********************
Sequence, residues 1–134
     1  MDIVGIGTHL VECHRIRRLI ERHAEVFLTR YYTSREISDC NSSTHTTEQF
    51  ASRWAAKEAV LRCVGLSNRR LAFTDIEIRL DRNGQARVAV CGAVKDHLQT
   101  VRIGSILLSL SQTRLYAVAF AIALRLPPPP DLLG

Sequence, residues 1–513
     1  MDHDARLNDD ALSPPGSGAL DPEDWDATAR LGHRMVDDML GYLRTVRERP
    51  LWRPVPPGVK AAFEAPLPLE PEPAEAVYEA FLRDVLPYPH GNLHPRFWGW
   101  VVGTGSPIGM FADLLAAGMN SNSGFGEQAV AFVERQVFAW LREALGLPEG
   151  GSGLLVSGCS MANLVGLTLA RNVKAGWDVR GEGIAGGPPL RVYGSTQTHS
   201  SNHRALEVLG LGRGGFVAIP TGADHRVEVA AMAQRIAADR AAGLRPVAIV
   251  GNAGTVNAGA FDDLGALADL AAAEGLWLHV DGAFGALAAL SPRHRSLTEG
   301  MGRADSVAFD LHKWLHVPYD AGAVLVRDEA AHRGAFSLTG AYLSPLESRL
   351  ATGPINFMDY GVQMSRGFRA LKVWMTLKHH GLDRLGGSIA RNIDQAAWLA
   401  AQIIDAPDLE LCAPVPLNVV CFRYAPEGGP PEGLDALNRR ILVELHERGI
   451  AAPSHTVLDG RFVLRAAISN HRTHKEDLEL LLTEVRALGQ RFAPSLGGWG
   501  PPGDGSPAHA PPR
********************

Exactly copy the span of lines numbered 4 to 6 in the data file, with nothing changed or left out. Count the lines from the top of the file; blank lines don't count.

   101  VRIGSILLSL SQTRLYAVAF AIALRLPPPP DLLG

Sequence, residues 1–513
     1  MDHDARLNDD ALSPPGSGAL DPEDWDATAR LGHRMVDDML GYLRTVRERP